Quarrying & Mining Magazine
Workplace Safety

Learn it and understand it

Learn it and understand it - Q&M Mag - Oct-Nov 2017 - Featured Image

WorkSafe New Zealand’s deputy chief inspector, Extractives, David Bellett, made a presentation about health and safety legislation at the 2017 QuarryNZ conference in Auckland. ALAN TITCHALL was there.

TALKING TO DELEGATES at a special WorkSafe presentation on health and safety, David Bellett acknowledged that leading quarrying companies, familiar with risk management and risk assessments, places them ahead of other industries still coming to terms with the Health and Safety at Work Act (HSWA) 2015, which came into force in April 2016.
David began his working life as a 15-year-old apprentice fitter turner and worked in construction here and overseas for 15 years. He has worked as an inspector and manager for 23 years, first with the Department of Labour and now WorkSafe, where he reports to chief inspector Mark Pizey.
“I spent 18 months as a lead investigator on the Pike River inquiry. It’s pleasing to see safety improvements coming from industry and the work that the quarrying industry is doing to lift its own standards.“
David’s conference presentation provided an overview of health and safety legislation that applies to quarries and he acknowledged the challenge faced by quarry companies and the amount of information they have to understand and comply with.
However, there is still some confusion and misunderstanding about the legislation in terms of how it all works; definitions and how legislation links into risk assessments; and the cost of applying risk controls and what’s practicable for each business.
Legislation that predominately relates to quarrying is built into HSWA, which is performance-based. It’s important to understand HSWA, its definitions and the definition of a ‘quarry’ is specific in the Act, he says.
“It defines what is ‘not’ a mining operation. This is important because some regulations that sit under HSWA particularly focus on mining operations.
“’Activity’ is an important definition. Some people say that since they extract only twice a year, that’s the only time their site is a quarry, even when the property gate advises a quarry is within. Because not all the legislation has been tested in court, quarry operators need to look at what each word actually means, and whether ‘activity’ should be ‘all’, or ‘some’.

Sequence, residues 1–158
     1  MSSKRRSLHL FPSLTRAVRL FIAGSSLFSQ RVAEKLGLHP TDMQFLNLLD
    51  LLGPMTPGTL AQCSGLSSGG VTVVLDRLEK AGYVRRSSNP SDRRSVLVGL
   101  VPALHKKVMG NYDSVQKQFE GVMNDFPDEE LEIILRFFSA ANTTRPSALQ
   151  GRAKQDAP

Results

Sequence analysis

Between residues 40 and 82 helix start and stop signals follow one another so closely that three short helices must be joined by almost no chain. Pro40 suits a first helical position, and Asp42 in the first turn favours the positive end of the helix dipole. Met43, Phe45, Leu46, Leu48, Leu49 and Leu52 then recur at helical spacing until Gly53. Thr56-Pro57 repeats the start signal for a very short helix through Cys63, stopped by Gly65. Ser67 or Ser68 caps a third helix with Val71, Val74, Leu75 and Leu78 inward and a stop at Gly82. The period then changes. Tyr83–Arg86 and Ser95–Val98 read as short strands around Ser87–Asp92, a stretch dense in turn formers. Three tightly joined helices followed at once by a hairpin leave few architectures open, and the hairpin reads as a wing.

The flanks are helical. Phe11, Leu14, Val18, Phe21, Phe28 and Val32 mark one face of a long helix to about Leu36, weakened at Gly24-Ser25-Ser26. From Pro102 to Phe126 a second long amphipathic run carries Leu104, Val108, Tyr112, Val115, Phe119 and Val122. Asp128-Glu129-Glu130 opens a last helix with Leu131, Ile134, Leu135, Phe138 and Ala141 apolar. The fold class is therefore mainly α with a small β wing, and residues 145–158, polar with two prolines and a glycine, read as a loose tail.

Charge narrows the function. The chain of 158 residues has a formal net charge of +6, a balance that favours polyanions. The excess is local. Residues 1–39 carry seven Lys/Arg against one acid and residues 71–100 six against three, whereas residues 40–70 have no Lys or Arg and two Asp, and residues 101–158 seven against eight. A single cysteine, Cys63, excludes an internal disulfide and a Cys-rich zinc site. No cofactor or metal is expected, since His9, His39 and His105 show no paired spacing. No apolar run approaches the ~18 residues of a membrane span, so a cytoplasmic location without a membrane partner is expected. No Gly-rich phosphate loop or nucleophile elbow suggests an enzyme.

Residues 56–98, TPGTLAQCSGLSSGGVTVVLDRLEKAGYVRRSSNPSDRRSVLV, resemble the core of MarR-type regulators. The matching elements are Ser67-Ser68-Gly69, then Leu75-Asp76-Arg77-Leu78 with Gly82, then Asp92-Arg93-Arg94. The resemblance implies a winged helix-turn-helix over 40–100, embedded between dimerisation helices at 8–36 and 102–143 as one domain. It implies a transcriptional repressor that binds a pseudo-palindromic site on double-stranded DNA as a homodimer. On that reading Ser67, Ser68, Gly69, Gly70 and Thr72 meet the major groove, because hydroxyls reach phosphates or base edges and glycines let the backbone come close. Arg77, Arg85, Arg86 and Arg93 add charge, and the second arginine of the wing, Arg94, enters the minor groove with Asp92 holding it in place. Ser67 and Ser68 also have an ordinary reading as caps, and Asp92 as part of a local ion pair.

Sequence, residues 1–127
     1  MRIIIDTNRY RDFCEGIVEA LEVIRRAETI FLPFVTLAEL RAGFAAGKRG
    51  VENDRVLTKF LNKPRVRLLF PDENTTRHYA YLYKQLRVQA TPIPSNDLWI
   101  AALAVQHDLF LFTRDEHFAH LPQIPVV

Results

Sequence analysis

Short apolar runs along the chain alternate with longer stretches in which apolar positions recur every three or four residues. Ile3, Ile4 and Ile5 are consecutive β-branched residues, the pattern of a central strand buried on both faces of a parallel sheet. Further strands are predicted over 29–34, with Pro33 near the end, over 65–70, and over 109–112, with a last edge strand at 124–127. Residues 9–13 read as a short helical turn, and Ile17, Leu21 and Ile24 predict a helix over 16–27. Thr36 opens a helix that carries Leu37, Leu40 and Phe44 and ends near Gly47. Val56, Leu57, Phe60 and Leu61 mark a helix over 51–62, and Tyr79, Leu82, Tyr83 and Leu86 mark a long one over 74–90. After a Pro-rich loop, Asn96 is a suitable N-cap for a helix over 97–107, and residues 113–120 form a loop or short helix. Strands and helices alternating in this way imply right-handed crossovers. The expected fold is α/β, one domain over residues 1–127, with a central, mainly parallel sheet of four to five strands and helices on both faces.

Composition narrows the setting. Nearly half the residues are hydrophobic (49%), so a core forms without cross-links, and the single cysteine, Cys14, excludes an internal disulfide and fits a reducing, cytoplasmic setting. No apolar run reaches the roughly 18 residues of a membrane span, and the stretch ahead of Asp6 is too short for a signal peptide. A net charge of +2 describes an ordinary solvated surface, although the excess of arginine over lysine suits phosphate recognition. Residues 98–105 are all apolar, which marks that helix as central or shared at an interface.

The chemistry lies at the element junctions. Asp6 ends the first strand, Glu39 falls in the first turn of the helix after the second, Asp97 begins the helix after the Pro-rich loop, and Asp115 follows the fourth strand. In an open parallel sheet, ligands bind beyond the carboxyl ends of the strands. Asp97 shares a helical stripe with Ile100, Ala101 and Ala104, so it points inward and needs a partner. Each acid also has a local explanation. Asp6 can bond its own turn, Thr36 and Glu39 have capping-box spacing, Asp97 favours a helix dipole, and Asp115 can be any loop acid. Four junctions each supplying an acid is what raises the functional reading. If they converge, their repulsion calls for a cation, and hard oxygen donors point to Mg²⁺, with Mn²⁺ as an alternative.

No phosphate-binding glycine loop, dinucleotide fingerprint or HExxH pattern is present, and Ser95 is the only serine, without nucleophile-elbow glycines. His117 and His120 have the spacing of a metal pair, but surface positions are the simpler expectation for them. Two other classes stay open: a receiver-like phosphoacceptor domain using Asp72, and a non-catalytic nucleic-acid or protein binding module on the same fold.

“Other important words include ‘or’ and ‘and’ in a quarry site definition and could include ‘any’ place where material is extracted or crushed and screened. The old Quarries and Tunnels Act was more defined and placed measures depending on how technical or complex the quarry is.”
The new legislation has been expanded to cover any extraction place, rather than targeting high risk activities, David says.
“The Health and Safety at Work (Mining Operations and Quarrying Operations) Regulations 2016 provides guidance, notifications and Certificate of Competence (COC) requirements.
“There are many pieces of health and safety legislation which apply to quarries, including the Electricity Safety Regulations which came back under the regulator’s umbrella in 2010. It has a schedule directly aimed at quarrying operations.”
If you are currently a quarrying operation and are unfamiliar with these regulations, you need to improve your knowledge, he stresses. WorkSafe inspectors regularly report non-compliant electrical installations.

General risk

The Health and Safety at Work (General Risk and Workplace Management) Regulations 2016 have also come about following HSWA coming into force.
These regulations spell out legal obligations/duties around facilities; first aid; and emergency management plans.
Operators must practise these plans onsite annually, he says, acknowledging that this is harder for smaller operators.
“Operators should use the mining regulations for guidance on emergency management. The likes of New Zealand Mines Rescue can provide quarrying industry services to help operators develop emergency management plans.
“Other relevant regulations include the Worker Engagement, Participation and Representation Regulations, particularly relevant for larger companies. It determines how and when worker representation is required. Businesses of a certain size must have worker representatives on a site-by-site basis, calculated on staff numbers and risk factors.”
Many operators will be familiar with the previous Health and Safety in Employment regulations, which weren’t entirely repealed when HSWA came into force, says David. This means there are parts of the 1995 regulations which still apply and overlap with general risk regulations.
“The 1955 regulations are still on the Government Legislation website and clearly show which parts were removed and which parts remain.